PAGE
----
This Article critiques the borrowing of private law concepts to develop doctrines of judicial review in public law. A rising chorus of scholars has argued for a fiduciary theory of government designed to constrain political discretion through judicial review based upon the model of private fiduciary duties. Treating politicians and bureaucrats as fiduciaries, they argue, promises a workable judicial solution to the problem of faction in legislative and administrative decision-making. This Article argues the promise of fiduciary government is a false one. There are problems of fit, intent, and function with fiduciary government. Politicians and bureaucrats are not like private fiduciaries because they do not serve discrete classes of beneficiaries and are not subject to demands that can be distilled into a discrete maximand. Fiduciary government, cannot be founded in the intent of the Founders or of Congress. Moreover, fiduciary government has not functioned well where courts have experimented with it. Either the analogy to fiduciary law operates at such a high level of generality that it simply restates public law problems in different terms, or it imports freestanding fiduciary principles that yield unworkable constraints on political decisionmaking. The failure of fiduciary government is instructive, however, on the promises and potential pitfalls of translating between public and private law.
INTRODUCTION I. THE THEORY OF FIDUCIARY GOVERNMENT II. THE PROBLEM OF FIT A. The Many Faces of Fiduciary Law B. Public Officials as Parents C. Public Officials as Trustees D. Public Officials as Corporate Managers E. The Decline of Fiduciary Law? F. Public Fiduciaries as a Sui Generis Category III. THE PROBLEM OF INTENT A. Constitutional Law as Fiduciary Law B. The Fiduciary Account of Administrative Law IV. THE PROBLEM OF FUNCTION A. Narrow Public Fiduciary Constraints 1. Political Corruption and the Honest Services Statute 2. Insider Trading and the STOCK Act B. Broad Fiduciary Government 1. The Federal Indian Trust Doctrine 2. The Public Trust Doctrine 3. The First Amendment Public Forum V. THE PROBLEMS WITH THREE PROPOSED FIDUCIARY REFORMS. A. Imposing the Duty of Care on Congress B. Judicial Review of Political Gerrymandering C. Hardening Hard Look Review of Agency Action VI. THE PROBLEM OF TRANSLATING BETWEEN PUBLIC AND PRIVATE LAW A. The Interdependence of Justiciability, Rights, and Remedies B. The Importance of Mediating Principles C. Connecting Values Across Doctrinal Areas D. The Possibility of Creative Restatement CONCLUSION INTRODUCTION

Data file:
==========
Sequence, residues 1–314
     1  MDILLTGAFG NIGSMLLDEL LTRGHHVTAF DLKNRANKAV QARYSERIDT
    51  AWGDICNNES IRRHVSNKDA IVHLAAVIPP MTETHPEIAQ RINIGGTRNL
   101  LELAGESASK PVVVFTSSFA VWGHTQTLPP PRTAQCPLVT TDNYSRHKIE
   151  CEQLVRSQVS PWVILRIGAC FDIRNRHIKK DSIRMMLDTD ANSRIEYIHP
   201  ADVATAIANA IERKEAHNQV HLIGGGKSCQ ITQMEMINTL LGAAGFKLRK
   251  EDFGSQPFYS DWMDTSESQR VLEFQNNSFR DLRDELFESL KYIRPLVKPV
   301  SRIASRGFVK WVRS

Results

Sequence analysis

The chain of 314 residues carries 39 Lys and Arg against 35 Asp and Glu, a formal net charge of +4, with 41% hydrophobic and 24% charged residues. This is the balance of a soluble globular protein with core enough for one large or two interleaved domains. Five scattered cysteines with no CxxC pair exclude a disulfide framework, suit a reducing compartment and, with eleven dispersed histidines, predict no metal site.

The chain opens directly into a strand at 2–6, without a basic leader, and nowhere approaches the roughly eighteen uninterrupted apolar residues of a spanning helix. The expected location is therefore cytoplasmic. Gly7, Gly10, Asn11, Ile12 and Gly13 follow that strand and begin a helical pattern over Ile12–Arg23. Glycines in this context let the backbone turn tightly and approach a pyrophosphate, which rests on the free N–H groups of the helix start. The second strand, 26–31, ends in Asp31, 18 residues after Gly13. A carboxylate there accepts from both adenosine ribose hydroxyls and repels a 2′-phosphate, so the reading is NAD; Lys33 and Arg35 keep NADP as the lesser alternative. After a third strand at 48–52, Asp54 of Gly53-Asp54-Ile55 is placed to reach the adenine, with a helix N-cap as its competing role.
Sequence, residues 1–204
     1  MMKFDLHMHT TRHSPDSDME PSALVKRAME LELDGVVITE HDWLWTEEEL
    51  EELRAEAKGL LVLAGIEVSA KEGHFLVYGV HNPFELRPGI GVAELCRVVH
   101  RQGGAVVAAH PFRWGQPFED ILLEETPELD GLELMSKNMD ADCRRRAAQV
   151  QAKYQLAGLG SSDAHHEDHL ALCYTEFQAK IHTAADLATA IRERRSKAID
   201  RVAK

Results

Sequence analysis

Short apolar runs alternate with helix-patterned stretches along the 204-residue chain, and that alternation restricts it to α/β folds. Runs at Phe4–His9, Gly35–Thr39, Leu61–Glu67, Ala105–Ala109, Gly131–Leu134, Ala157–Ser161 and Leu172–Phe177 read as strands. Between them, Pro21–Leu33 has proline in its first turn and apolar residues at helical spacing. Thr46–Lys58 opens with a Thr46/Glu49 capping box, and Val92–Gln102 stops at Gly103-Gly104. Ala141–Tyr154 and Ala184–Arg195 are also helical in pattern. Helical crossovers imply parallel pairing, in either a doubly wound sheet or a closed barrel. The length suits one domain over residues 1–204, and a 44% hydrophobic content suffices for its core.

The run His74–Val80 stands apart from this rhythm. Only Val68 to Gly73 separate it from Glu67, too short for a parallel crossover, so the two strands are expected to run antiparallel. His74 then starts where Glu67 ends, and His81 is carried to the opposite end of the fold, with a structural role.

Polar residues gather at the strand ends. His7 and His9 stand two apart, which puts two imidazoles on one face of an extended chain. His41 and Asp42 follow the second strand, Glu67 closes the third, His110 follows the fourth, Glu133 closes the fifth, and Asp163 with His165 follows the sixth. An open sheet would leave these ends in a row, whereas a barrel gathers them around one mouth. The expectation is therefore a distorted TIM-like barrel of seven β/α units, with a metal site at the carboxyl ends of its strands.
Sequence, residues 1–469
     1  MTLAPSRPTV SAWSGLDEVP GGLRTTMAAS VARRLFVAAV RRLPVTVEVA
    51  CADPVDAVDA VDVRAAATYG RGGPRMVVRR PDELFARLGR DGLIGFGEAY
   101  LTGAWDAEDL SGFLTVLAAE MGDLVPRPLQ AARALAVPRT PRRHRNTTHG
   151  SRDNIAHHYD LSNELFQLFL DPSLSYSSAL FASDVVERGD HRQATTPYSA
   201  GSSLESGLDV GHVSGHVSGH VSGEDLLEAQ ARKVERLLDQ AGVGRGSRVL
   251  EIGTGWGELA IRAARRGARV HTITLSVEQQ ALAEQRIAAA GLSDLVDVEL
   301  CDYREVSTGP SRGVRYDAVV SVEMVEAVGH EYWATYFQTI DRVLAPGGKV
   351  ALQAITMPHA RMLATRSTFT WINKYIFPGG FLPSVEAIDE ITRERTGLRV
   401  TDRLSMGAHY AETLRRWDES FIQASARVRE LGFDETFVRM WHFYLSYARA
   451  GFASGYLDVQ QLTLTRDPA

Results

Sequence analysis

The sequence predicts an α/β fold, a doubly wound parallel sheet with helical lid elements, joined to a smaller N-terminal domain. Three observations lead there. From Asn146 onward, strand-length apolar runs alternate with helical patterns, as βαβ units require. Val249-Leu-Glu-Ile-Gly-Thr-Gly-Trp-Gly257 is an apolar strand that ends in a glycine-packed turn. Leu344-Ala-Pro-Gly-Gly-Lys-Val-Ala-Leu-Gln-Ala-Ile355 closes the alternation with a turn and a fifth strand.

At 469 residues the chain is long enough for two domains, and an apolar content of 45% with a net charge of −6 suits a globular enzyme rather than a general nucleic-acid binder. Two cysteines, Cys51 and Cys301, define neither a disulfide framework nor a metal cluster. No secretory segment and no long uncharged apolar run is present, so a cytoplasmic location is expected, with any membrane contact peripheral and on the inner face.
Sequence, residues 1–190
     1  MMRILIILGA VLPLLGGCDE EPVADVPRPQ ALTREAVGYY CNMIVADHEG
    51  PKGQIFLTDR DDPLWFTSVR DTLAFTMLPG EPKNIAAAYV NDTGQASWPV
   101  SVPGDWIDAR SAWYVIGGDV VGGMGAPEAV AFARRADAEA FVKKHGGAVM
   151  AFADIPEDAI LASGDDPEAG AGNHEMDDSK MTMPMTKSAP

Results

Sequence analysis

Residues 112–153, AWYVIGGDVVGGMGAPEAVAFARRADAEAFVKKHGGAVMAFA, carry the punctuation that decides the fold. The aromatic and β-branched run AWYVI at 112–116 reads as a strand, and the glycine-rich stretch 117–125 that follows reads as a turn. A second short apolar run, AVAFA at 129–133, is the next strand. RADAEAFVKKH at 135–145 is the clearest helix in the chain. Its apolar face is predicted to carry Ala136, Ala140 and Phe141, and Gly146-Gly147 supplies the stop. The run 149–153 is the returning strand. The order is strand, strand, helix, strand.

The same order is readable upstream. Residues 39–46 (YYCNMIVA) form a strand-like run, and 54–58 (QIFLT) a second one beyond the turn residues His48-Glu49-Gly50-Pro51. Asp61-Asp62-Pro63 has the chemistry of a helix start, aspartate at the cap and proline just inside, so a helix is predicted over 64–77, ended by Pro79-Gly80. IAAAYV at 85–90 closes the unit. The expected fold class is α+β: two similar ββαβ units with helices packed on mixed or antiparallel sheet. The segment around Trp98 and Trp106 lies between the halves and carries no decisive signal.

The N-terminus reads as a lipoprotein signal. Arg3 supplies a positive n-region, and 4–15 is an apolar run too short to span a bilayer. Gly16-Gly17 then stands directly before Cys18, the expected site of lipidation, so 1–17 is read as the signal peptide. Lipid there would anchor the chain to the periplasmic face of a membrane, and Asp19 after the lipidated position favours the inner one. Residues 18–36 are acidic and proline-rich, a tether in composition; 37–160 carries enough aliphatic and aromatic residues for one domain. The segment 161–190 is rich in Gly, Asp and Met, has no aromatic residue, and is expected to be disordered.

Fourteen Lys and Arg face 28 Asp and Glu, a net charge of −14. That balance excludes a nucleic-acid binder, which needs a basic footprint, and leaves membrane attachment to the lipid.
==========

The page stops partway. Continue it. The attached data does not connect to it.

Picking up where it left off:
Private law labels some relationships of power and dependence between persons "fiduciary." With the label come duties, enforceable through private rights of action, which aim to protect the beneficiaries of delegations of power to others from becoming victims of that dependence. To some, modern life is characterized by the emergence of a "society ... based predominantly on fiduciary relations." (1) Understood thus, fiduciary law encompasses not only the traditional doctrinal categories--trust, agency, partnership, corporations, and so on--but also all "important social and economic interactions of high trust and confidence that create an implicit dependency and peculiar vulnerability of the beneficiary to the fiduciary." (2)